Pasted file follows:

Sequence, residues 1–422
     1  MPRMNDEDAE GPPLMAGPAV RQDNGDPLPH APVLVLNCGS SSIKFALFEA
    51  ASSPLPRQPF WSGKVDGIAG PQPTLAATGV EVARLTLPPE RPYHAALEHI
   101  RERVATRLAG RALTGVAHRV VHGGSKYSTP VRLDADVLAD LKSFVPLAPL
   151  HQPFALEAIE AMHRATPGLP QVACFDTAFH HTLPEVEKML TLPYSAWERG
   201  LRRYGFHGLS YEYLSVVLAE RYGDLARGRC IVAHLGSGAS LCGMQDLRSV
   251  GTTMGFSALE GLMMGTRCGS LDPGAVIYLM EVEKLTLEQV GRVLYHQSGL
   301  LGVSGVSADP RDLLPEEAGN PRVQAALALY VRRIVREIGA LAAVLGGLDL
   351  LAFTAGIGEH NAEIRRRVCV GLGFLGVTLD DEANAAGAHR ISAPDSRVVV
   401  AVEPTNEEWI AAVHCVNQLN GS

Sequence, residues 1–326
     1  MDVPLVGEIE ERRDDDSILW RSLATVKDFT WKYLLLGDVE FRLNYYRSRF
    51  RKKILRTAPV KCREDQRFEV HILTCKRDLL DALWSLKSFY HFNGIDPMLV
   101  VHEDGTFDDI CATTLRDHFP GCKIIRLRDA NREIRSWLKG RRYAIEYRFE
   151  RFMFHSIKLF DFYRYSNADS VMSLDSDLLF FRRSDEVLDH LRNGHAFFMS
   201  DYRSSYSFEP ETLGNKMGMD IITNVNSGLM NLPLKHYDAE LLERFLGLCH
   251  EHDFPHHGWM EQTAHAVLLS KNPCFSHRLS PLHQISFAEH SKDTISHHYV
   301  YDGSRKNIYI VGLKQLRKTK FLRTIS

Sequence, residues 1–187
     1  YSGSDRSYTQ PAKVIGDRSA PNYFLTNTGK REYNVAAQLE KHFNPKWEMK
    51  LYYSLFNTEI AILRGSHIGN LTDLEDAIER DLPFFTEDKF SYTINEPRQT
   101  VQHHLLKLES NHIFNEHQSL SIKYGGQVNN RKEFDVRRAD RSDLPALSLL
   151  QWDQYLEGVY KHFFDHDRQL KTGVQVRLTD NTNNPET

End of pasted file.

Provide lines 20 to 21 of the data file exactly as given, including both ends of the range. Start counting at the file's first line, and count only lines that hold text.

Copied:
     1  YSGSDRSYTQ PAKVIGDRSA PNYFLTNTGK REYNVAAQLE KHFNPKWEMK
    51  LYYSLFNTEI AILRGSHIGN LTDLEDAIER DLPFFTEDKF SYTINEPRQT